Justice and Egalitarian Relations

ISBN : 9780190084240

Christian Schemmel
336 ページ
156 x 235 mm
Oxford Political Philosophy

Why does equality matter, as a social and political value, and what does it require? Relational egalitarians argue that it does not require that people receive equal distributive shares of some good, but that they relate as equals. Christian Schemmel here provides the first comprehensive development of a liberal conception of relational equality, one which understands relations of non-domination and egalitarian norms of social status as stringent demands of social justice. He first argues that expressing respect for the freedom and equality of individuals in social cooperation requires stringent protections against domination. Taking this as a starting point, he then develops a substantive, liberal conception of non-domination and argues that non-domination is a particularly important, but not the only, concern of social justice. From there, Schemmel develops an account of the wrongness of inegalitarian norms of social status which shows how status-induced foreclosure of important social opportunities is a social injustice in its own right, over and above the role of status inequality in enabling domination, and the threats it poses to individuals' self-respect. Finally, Schemmel articulates the core requirements of liberal relational egalitarianism for political, economic, and health justice: these amount to demands for far-reaching forms of equality in all three domains, which can rarely, if ever, be overridden by competing concerns. With expert rigor and creativity, Justice and Egalitarian Relations brings together scholarship in a variety of related topics, from social justice and liberalism to distributive and relational equality, social equality, neo-republicanism, and non-denomination.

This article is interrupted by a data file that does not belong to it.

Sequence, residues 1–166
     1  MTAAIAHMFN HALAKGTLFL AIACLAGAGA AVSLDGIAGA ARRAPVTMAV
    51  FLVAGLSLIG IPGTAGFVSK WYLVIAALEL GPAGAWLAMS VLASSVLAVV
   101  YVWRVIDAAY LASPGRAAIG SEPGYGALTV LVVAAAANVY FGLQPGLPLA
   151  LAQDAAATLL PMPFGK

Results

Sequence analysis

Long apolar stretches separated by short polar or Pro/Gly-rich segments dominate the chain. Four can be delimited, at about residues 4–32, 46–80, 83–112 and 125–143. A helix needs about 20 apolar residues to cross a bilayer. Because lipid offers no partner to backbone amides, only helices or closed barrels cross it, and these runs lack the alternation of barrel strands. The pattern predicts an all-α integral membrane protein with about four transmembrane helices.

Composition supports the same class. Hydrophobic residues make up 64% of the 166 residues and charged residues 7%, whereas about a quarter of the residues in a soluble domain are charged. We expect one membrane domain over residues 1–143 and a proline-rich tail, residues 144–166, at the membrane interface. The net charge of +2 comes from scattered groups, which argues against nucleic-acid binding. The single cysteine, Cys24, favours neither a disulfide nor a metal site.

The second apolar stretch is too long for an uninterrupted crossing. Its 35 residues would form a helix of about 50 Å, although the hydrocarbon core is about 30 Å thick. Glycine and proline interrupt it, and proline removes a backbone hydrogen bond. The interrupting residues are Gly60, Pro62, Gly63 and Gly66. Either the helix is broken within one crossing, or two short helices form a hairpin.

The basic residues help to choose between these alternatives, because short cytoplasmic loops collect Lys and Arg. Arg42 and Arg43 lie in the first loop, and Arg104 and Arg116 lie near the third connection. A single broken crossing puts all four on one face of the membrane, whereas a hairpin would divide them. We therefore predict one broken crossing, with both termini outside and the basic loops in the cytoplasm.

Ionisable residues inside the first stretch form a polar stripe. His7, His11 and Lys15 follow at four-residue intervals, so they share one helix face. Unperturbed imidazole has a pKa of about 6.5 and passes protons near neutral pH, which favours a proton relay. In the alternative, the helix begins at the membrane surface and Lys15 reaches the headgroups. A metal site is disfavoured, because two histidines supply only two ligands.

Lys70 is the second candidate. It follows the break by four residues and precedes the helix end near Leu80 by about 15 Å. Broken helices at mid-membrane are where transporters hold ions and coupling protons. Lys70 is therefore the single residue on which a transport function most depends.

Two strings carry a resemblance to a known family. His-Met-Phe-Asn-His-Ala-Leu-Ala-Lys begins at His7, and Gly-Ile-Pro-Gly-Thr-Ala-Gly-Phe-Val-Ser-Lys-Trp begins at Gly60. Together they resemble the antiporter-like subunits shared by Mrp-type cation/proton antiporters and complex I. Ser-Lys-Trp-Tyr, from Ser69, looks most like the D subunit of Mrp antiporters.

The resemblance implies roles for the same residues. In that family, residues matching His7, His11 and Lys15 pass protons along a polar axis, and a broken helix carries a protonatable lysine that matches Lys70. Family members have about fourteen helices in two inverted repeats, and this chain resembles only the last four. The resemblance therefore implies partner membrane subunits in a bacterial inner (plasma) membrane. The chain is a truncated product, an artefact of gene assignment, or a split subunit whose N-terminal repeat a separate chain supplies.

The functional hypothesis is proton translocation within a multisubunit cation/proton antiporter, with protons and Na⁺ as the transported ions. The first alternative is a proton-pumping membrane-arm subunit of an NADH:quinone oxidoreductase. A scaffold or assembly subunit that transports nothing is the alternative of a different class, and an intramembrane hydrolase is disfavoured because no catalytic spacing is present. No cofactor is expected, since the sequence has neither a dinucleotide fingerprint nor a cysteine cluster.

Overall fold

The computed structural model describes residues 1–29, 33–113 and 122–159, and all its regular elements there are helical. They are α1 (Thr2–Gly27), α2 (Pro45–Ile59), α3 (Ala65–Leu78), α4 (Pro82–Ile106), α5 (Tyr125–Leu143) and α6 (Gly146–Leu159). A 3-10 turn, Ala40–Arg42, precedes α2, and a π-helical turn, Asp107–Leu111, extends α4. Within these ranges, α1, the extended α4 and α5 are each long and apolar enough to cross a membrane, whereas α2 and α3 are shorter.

Part I: Liberal Relational Egalitarianism
Chapter 1: Justice and Egalitarian Relations
Chapter 2: Distributive and Relational Equality
Chapter 3: Liberal Non-Domination
Chapter 4: The Demands of Liberal Non-Domination
Chapter 5: Relational Equality Beyond Non-Domination
Chapter 6: Social Status, Self-Respect, and Opportunity
Part II: Implications
Chapter 7: Political Equality
Chapter 8: Distributive Inequality
Chapter 9: Health Inequality


Christian Schemmel, Senior Lecturer in Political Theory, University of Manchester Christian Schemmel is Senior Lecturer in Political Theory at the University of Manchester. He works on theories of social justice and equality, liberalism and republicanism, international and global justice, political theory of the welfare state and workplace and economic democracy, and moral psychology.